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Death of a Flapper (Death by the Decade) Paperback – January 6, 2012
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The Amazon Book Review
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About the Author
Marva Dale is the pen name for author Debra McReynolds. Retired from the public relations field, Debra now spends her free time indulging in her passion for writing. "I used to fill my school notebooks with stories," Debra relates, "and then add artwork to go along with them. My second grade teacher, Mrs. Daley, predicted that I would be a writer one day."
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Joseph Amiel, author of BIRTHRIGHT and A QUESTION OF PROOF
The concept of her series is not time travel - that too frequently used technique of transporting the reader into another era. No, Marva Dale has decided to recreate various decades to set the stage for a story that not only follows the concept of drama but also brings to play a detailed sense of time and atmosphere of a certain part of our history. Taking place in the 1920s, she has done her homework thoroughly, and like a screenwriter or film director or set designer/costumer she regales us with even the most minutely accurate details of the zone of the ostentatious, jazz minded, prohibition influenced, gangster ridden zany tempo of that decade.
Marva Dale knows how to seduce the audience before the curtain goes up. In a prologue we meet Alice Prado transforming herself into her public image of the flapper Arabella Germaine. Pow! We jump into chapter one where private eye Joe C. `Carney' Brogan begins narrating the story of how Arabella is a corpse with whom he is infatuated. Arabella's mother - Lucille Prado - engages Brogan to investigate the murder of her daughter, and there begins Brogan's fantastic search for the perpetrator - who must be one of the many suspects that range from Arabella's roommate Sally, to her mentor Victor, to her endless `admirers' among whom is a wealthy Long Island resident, to clues from organized crime, to the Bowery - and to Brogan's own intuitive state as a vulnerable man who has his own passion for the Alice in Arabella. How the trail meanders through the speakeasies and lurid streets of New York and finally comes to rest because of Brogan's combination of innate skill at solving crimes combined with his sensitive personal reasons for needing resolution is what makes this story so rich in detail and at the same time just plain fine writing of Marva Dale. Technically, the book could well benefit from an editor's eagle eye: the story is too fine for the many typos and grammatical errors. But it seems as though the author has found a terrific avenue for combining the color and taste of history with fine mystery spinning. Grady Harp, April 14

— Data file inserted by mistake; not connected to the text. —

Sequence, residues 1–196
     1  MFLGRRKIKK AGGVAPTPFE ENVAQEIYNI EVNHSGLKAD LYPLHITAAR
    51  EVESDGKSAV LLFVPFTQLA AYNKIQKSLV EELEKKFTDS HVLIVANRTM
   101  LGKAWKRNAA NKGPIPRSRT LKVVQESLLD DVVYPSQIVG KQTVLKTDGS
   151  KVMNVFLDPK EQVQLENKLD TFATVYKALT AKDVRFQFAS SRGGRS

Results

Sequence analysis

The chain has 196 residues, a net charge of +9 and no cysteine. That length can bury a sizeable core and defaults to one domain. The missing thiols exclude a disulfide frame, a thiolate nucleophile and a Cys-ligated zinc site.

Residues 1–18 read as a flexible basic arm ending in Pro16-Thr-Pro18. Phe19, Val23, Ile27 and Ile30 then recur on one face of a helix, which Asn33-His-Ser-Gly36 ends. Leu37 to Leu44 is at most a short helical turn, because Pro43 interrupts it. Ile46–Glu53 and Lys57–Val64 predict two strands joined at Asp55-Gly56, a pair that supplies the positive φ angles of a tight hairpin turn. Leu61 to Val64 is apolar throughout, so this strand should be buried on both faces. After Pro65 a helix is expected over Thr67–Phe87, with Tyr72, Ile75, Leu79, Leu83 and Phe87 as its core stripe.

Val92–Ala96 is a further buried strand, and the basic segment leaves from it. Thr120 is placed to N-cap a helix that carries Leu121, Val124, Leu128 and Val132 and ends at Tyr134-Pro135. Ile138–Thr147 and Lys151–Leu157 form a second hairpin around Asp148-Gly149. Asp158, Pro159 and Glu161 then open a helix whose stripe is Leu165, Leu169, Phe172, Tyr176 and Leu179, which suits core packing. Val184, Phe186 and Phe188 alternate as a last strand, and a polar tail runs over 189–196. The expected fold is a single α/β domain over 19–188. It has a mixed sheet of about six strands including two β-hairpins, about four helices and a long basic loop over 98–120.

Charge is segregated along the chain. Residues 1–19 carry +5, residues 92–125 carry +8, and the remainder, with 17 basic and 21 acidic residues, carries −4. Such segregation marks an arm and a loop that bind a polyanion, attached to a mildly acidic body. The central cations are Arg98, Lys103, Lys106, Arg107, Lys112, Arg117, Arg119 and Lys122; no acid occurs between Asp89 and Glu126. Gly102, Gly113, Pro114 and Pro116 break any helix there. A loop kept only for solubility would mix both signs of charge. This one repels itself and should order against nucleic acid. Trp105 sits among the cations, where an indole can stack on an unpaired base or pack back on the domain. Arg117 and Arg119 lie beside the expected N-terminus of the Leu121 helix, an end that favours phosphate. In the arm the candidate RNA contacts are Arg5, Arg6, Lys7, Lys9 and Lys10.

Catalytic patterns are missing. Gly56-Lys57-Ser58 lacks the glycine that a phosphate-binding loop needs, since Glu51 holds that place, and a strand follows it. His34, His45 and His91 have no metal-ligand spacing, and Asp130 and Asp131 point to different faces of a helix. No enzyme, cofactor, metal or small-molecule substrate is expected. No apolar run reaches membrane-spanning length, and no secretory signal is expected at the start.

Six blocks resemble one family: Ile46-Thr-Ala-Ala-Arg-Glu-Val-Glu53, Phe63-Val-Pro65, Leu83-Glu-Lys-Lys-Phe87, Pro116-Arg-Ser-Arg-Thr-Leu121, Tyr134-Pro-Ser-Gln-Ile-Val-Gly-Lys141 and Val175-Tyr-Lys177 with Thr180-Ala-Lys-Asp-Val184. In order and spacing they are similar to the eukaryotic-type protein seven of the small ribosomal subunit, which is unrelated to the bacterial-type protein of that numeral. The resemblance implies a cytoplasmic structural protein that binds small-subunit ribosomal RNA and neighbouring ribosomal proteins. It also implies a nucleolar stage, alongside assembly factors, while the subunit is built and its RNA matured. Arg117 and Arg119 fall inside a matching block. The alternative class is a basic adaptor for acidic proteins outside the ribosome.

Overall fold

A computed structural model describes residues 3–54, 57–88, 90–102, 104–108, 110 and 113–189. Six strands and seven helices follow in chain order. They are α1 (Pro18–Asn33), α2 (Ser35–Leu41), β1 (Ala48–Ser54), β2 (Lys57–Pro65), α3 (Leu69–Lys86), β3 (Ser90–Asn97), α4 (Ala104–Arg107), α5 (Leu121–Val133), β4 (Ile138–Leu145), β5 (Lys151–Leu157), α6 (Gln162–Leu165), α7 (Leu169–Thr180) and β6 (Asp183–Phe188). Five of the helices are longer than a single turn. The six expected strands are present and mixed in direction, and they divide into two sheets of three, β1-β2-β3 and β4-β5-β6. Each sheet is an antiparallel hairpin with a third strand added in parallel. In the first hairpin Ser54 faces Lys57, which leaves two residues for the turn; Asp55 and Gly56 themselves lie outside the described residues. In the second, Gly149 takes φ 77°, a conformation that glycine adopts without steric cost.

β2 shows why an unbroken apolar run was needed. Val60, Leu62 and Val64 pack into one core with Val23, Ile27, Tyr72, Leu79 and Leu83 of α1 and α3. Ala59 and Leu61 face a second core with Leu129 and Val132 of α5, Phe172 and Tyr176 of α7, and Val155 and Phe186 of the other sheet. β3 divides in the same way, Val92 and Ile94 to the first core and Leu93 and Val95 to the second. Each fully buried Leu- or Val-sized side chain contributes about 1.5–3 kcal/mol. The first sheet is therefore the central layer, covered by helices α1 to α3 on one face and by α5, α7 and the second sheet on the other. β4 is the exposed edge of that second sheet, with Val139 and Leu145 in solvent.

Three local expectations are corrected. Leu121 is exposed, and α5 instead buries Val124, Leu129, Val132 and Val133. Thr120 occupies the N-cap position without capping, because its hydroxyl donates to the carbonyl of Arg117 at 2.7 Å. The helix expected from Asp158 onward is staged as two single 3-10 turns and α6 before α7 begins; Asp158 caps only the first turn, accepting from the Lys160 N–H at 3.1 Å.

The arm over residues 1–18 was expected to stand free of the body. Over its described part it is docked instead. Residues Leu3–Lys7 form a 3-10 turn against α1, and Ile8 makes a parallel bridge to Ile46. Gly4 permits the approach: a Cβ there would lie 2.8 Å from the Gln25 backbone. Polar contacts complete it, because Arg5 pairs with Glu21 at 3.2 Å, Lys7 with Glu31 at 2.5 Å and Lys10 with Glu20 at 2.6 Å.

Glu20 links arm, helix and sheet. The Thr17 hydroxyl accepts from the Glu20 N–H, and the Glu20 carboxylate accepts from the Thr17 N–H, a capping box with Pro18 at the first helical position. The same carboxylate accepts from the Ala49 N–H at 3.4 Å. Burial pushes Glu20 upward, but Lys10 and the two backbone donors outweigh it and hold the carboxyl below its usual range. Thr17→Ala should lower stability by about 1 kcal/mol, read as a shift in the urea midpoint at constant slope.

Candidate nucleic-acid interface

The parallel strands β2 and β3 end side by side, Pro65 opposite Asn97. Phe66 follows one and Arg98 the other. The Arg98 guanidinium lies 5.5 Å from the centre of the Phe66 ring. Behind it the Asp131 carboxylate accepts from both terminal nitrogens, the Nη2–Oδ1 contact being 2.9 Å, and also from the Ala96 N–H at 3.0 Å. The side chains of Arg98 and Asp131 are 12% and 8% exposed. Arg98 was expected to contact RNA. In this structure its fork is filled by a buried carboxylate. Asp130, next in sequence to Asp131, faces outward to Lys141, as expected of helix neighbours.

Lucille Prado knows something is wrong. She hasn't heard from her daughter in two weeks, so she asks private investigator J.C. "Carney" Brogan to find Alice. In no time at all, Carney identifies Alice as Arabella Germaine-- the ultimate flapper, a gorgeous blonde who moves in all the right circles and all the right parties. Unfortunately Arabella's body has turned up at the city morgue. Under the spell of the beautiful dead girl, Carney vows to find her killer from what turns out to be a very long list of suspects-- and some of those suspects are willing to kill to keep their secrets.
Living in a small apartment in Tin Pan Alley, Carney is an engaging young man who barely makes a living from being a private investigator. Throughout his investigation, he wonders if he knows what he's doing, if he understands what's really going on in the world around him, and this soul searching of his makes Carney a character we can all identify with. As much as I liked him, I did find Carney confusing from time to time. He comes from an underprivileged background and uses a lot of the current slang when he speaks, but he can also say things like "I don't speak elitism peppered with hedonistic euphemisms!" This may signal hidden depths to this character, and I'm rather hoping that Carney shows up in the 1930s book in this Death by the Decade series so I can learn more about him.
As Carney worked to narrow the list of suspects, the author brought New York City in the 1920s to life. I was reminded of classic detective fiction from that era as I read about the private eye with a heart of gold searching for the killer of a beautiful young girl who'd fallen for the hedonistic lifestyle of her rich and corrupt friends. Death of a Flapper is a good, solid start to a new mystery series. I look forward to reading more.